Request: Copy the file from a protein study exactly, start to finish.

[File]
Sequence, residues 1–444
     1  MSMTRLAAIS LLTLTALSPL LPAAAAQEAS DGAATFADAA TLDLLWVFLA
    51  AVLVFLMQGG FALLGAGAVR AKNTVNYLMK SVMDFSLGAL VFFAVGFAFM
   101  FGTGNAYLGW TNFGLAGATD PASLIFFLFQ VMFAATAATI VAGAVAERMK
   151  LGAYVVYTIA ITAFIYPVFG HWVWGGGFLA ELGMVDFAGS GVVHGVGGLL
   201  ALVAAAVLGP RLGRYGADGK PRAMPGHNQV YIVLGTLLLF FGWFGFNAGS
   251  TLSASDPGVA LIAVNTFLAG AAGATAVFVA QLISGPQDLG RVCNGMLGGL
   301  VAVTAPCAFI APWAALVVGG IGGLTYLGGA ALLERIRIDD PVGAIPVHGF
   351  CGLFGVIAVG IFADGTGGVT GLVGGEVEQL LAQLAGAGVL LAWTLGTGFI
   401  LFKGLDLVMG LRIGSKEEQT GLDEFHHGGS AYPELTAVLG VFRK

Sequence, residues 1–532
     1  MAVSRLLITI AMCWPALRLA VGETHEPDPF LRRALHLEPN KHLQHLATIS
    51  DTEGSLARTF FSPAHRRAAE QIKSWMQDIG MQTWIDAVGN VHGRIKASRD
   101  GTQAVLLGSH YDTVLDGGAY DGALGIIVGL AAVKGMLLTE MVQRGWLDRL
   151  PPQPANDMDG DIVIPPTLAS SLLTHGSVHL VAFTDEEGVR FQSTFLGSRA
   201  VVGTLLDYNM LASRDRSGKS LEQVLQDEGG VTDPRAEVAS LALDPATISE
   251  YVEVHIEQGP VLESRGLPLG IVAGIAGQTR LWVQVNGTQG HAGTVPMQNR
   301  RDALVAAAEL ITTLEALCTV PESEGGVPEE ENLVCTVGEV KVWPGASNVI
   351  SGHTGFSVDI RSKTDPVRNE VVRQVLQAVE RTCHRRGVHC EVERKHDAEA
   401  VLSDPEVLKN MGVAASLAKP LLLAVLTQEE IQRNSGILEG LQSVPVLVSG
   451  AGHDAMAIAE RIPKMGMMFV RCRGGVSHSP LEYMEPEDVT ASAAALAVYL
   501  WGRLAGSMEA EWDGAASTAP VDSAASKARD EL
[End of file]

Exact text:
Sequence, residues 1–444
     1  MSMTRLAAIS LLTLTALSPL LPAAAAQEAS DGAATFADAA TLDLLWVFLA
    51  AVLVFLMQGG FALLGAGAVR AKNTVNYLMK SVMDFSLGAL VFFAVGFAFM
   101  FGTGNAYLGW TNFGLAGATD PASLIFFLFQ VMFAATAATI VAGAVAERMK
   151  LGAYVVYTIA ITAFIYPVFG HWVWGGGFLA ELGMVDFAGS GVVHGVGGLL
   201  ALVAAAVLGP RLGRYGADGK PRAMPGHNQV YIVLGTLLLF FGWFGFNAGS
   251  TLSASDPGVA LIAVNTFLAG AAGATAVFVA QLISGPQDLG RVCNGMLGGL
   301  VAVTAPCAFI APWAALVVGG IGGLTYLGGA ALLERIRIDD PVGAIPVHGF
   351  CGLFGVIAVG IFADGTGGVT GLVGGEVEQL LAQLAGAGVL LAWTLGTGFI
   401  LFKGLDLVMG LRIGSKEEQT GLDEFHHGGS AYPELTAVLG VFRK

Sequence, residues 1–532
     1  MAVSRLLITI AMCWPALRLA VGETHEPDPF LRRALHLEPN KHLQHLATIS
    51  DTEGSLARTF FSPAHRRAAE QIKSWMQDIG MQTWIDAVGN VHGRIKASRD
   101  GTQAVLLGSH YDTVLDGGAY DGALGIIVGL AAVKGMLLTE MVQRGWLDRL
   151  PPQPANDMDG DIVIPPTLAS SLLTHGSVHL VAFTDEEGVR FQSTFLGSRA
   201  VVGTLLDYNM LASRDRSGKS LEQVLQDEGG VTDPRAEVAS LALDPATISE
   251  YVEVHIEQGP VLESRGLPLG IVAGIAGQTR LWVQVNGTQG HAGTVPMQNR
   301  RDALVAAAEL ITTLEALCTV PESEGGVPEE ENLVCTVGEV KVWPGASNVI
   351  SGHTGFSVDI RSKTDPVRNE VVRQVLQAVE RTCHRRGVHC EVERKHDAEA
   401  VLSDPEVLKN MGVAASLAKP LLLAVLTQEE IQRNSGILEG LQSVPVLVSG
   451  AGHDAMAIAE RIPKMGMMFV RCRGGVSHSP LEYMEPEDVT ASAAALAVYL
   501  WGRLAGSMEA EWDGAASTAP VDSAASKARD EL